Facing a Potential Recall Election, DA George Gascon Boasts of His 'Reforms' that Keep Criminals out of Prison; Meanwhile Homicides Are Spiking in Los Angeles
Of the accomplishments Gascon lists, none include convicting criminals and removing them from the streets - which is supposed to be his primary function.
March 21, 2021
In a press release that proves he has no idea of his job description, Los Angeles County District Attorney George Gascon boasted of the ways he has helped criminals and flouted state and local laws during his first 100 days in office. The top "accomplishments" he lists are "no longer seeking the death penalty in 17 active cases" and "a 71 percent reduction in enhancements filed" in sentencing demands.
Gascon claims his electoral victory gives him the justification to institute such "reforms" to the highest law enforcement office in the county. But he has it backward. He is not a lawmaker. He is a law enforcer. If he did not like the laws of the land, he should not have pledged to uphold and enforce them. To campaign for and then accept a public office charged with enforcing the law and then decide you aren't going to enforce it is a species of fraud. It doesn't matter how many people agree with you that the laws should be changed; that isn't how it's done.
Of the other accomplishments Gascon lists, none include convicting criminals and removing them from the streets - which is supposed to be his primary function. None. Instead, Gascon wants the public to know that he is committed to the healing of victims, helping juvenile criminals, and punishing police for potential abuses. While it is important to monitor the police and maintain the integrity of that body, where is Gascon's commitment to enforcing the law against criminals? Does he even believe there is such a thing as crime?
"We are doing all of this because the science and data tell us so," he writes in his press release. We have already written about Gascon's tenuous connection with science in data in https://www.smobserved.com/story/2021/03/12/politics/embattled-la-da-gascon-points-to-phony-poll-of-crime-victims-claiming-they-favor-rehabilitation-over-incarceration/5397.html. Gascon made the mistake of listing some of his scientific sources at the end of his press release, and we took a look at some of them. Unsurprisingly, they do not say what he claims they say, which is that long prison sentences reduce public safety.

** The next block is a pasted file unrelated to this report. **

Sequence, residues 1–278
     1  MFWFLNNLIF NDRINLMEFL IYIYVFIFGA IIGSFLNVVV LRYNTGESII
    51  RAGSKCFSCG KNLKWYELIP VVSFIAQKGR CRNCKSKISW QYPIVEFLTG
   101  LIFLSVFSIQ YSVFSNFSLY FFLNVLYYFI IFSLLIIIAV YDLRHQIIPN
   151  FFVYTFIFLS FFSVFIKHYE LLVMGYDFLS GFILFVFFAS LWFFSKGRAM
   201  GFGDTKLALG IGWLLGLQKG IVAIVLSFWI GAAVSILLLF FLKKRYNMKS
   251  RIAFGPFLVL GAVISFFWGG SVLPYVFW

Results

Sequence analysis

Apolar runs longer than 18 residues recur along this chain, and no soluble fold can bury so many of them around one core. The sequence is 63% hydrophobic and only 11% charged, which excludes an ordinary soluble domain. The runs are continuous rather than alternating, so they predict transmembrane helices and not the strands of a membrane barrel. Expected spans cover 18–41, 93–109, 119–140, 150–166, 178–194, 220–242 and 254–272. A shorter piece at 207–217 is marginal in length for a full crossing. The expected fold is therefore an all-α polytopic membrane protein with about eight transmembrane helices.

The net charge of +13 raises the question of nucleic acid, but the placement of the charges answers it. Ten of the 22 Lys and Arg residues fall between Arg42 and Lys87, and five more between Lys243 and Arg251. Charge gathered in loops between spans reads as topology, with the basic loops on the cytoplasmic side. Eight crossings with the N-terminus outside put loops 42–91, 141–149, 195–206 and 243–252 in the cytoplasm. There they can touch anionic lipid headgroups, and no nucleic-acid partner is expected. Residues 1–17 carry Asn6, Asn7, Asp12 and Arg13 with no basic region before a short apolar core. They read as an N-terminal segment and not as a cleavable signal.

A report titled Recidivism of Felony Offenders in California by the Public Policy Institute of California, a nonpartisan research institute, states that it is difficult to interpret recidivism data. Reductions in rearrest rates could arise as easily from reductions in the interest in police in making certain kinds of arrests (for example, if crimes have been reduced to misdemeanors) as much as from better behavior from ex-convicts. In addition, rearrest rates were actually higher for violent crimes over the period from 2011 to 2015. Even if long sentences appear to give a higher recidivism rate than short sentences, this could be the result of offenders who receive long sentences being of a more criminal bent to begin with and therefore more likely to reoffend.
Another source, the National Institute of Justice, made it clear that the purpose of incarceration is not merely deterrence but also incapacitation. In other words, while in prison, a criminal is unable to reoffend because they are out of the public sphere. So even if Gascon is correct that long prison sentences do not deter crime, they most certainly incapacitate the criminal from the potential of committing more crimes.
But perhaps the most striking comment of the NIJ article was the truism anyone with common sense would already know: "Police deter crime by increasing the perception that criminals will be caught and punished" and "the certainty of being caught is a vastly more powerful deterrent than the punishment."
However, when the chief law enforcement officer in the region is more concerned with how compassionate he looks than in making criminals fear being caught and punished, there is little hope in reducing the alarming rise in crime, both property and personal.